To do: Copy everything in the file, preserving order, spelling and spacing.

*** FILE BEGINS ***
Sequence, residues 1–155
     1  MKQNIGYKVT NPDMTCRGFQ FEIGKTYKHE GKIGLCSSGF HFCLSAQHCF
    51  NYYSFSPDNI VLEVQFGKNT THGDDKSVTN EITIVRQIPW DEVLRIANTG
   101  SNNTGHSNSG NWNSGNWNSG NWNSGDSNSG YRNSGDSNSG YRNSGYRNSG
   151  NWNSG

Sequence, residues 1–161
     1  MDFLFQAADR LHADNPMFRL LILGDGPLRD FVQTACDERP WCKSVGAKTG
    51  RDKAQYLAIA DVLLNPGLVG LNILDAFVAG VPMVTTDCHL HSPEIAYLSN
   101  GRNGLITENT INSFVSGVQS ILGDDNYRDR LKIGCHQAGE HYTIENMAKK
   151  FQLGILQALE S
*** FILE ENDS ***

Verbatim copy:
Sequence, residues 1–155
     1  MKQNIGYKVT NPDMTCRGFQ FEIGKTYKHE GKIGLCSSGF HFCLSAQHCF
    51  NYYSFSPDNI VLEVQFGKNT THGDDKSVTN EITIVRQIPW DEVLRIANTG
   101  SNNTGHSNSG NWNSGNWNSG NWNSGDSNSG YRNSGDSNSG YRNSGYRNSG
   151  NWNSG

Sequence, residues 1–161
     1  MDFLFQAADR LHADNPMFRL LILGDGPLRD FVQTACDERP WCKSVGAKTG
    51  RDKAQYLAIA DVLLNPGLVG LNILDAFVAG VPMVTTDCHL HSPEIAYLSN
   101  GRNGLITENT INSFVSGVQS ILGDDNYRDR LKIGCHQAGE HYTIENMAKK
   151  FQLGILQALE S